||Bell J1, Agudo N1, Purcell S1, Blazer P1, Simutoga M1, Pham Dominique2, Della Patrona Luc2
||1 : WorldFish Ctr, C Secretariat Pacific Community, Noumea 98848, New Caledonia.
2 : IFREMER, Noumea, New Caledonia.
||Aquaculture (0044-8486) (Elsevier), 2007-12 , Vol. 273 , N. 4 , P. 509-519
|WOS© Times Cited
||Shrimp, Sea cucumbers, Sandfish, Pond culture, Predation, Co culture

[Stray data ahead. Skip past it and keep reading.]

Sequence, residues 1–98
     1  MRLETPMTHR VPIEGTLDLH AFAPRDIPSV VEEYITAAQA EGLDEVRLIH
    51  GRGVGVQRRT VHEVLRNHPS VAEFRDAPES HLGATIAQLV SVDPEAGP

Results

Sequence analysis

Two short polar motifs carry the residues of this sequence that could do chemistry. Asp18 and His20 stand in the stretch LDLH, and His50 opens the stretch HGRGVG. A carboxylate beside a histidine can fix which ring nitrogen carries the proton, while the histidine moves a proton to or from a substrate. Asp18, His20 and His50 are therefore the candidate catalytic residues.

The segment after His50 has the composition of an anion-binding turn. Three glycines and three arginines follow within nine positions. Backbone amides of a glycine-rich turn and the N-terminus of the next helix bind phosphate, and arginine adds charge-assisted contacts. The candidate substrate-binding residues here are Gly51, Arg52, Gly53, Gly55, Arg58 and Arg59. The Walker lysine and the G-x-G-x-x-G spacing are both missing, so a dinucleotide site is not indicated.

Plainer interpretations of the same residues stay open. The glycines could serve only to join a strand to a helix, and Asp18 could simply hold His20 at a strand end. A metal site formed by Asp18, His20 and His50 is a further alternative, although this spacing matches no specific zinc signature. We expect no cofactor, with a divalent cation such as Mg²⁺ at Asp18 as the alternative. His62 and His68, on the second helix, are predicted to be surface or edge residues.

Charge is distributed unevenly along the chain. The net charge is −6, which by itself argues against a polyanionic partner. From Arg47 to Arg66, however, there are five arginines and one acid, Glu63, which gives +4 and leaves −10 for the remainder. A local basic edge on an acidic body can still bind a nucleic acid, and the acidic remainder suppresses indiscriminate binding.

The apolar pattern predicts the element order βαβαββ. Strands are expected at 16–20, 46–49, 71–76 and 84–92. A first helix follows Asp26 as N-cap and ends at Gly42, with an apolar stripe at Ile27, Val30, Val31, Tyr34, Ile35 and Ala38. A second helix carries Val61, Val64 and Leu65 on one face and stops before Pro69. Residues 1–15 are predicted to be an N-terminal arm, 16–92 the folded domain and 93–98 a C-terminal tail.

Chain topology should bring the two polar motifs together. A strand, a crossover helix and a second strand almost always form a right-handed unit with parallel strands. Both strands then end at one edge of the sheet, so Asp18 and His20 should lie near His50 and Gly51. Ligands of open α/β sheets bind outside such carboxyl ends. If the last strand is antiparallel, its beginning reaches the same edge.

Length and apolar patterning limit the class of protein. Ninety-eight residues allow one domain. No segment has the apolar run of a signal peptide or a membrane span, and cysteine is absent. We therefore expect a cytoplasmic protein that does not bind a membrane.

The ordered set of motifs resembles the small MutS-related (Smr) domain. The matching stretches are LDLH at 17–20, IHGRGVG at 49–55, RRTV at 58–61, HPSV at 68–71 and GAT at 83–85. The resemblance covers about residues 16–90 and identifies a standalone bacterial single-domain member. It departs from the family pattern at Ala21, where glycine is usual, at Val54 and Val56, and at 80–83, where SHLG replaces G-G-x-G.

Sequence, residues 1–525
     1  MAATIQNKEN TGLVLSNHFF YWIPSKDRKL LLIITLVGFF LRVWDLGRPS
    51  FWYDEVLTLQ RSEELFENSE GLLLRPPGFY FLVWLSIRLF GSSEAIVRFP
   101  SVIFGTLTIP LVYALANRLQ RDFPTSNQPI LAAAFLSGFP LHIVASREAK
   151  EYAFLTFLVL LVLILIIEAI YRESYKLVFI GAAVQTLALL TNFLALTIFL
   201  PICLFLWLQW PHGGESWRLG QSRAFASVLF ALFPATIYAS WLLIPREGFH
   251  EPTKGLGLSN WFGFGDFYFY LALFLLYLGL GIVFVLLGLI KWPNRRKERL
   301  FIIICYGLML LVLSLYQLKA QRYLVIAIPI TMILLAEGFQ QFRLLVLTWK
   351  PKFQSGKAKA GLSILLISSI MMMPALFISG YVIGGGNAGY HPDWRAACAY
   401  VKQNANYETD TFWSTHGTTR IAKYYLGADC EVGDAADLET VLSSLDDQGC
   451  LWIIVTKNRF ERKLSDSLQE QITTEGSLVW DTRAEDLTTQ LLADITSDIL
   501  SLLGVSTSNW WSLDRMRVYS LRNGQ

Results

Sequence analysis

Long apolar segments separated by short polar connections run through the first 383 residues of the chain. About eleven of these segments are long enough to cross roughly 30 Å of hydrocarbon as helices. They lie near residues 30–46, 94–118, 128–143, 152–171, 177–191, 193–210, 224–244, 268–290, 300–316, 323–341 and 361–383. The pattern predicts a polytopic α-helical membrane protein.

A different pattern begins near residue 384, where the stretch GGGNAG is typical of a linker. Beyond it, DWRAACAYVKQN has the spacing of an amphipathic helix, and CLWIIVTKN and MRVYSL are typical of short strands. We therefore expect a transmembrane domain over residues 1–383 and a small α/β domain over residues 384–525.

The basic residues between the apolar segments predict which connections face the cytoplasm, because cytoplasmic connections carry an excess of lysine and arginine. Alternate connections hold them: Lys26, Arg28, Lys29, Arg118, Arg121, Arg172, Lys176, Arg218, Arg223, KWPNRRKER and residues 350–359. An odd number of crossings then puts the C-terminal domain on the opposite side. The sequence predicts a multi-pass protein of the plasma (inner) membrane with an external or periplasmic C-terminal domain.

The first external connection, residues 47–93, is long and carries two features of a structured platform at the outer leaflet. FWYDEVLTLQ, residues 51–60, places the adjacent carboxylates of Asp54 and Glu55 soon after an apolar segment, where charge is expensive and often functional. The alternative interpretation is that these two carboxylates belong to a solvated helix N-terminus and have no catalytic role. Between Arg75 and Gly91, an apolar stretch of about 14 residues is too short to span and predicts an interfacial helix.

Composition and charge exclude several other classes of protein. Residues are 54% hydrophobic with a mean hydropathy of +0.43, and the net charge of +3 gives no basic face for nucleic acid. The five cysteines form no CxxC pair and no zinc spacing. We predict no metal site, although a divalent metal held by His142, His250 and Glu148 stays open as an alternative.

||We examined the potential for producing the large numbers of sandfish (Holothuria scabra) needed for restocking programmes by co-culturing juveniles with the shrimp Litopenaeus stylirostris in earthen ponds. Our experiments in hapas within shrimp ponds were designed to detect any deleterious effects of sandfish on shrimp, and vice versa. These experiments showed that a high stocking density of juvenile sandfish had no significant effects on growth and survival of shrimp. However, survival and growth of sandfish reared with shrimp for 3 weeks were significantly lower than for sandfish reared alone. Increased stocking density of shrimp also had a significant negative effect on survival and/or growth of sandfish. A grow-out trial of juvenile sandfish in 0.2-ha earthen ponds stocked with 20 shrimp post-larvae m(-2), and densities of sandfish between 0.8 and 1.6 individuals m(-2), confirmed that co-culture is not viable. All sandfish reared in co-culture were dead or moribund after a month. However, sandfish stocked alone into 0.2-ha earthen ponds survived well and grew to mean weights of similar to 400 g within 12 months without addition of food. The grow-out trial demonstrated that there is potential for profitable pond farming of sandfish in monoculture. Further research is now needed to identify the optimal size of juveniles, stocking densities and pond management regimes. (C) 2007 Elsevier B.V. All rights reserved.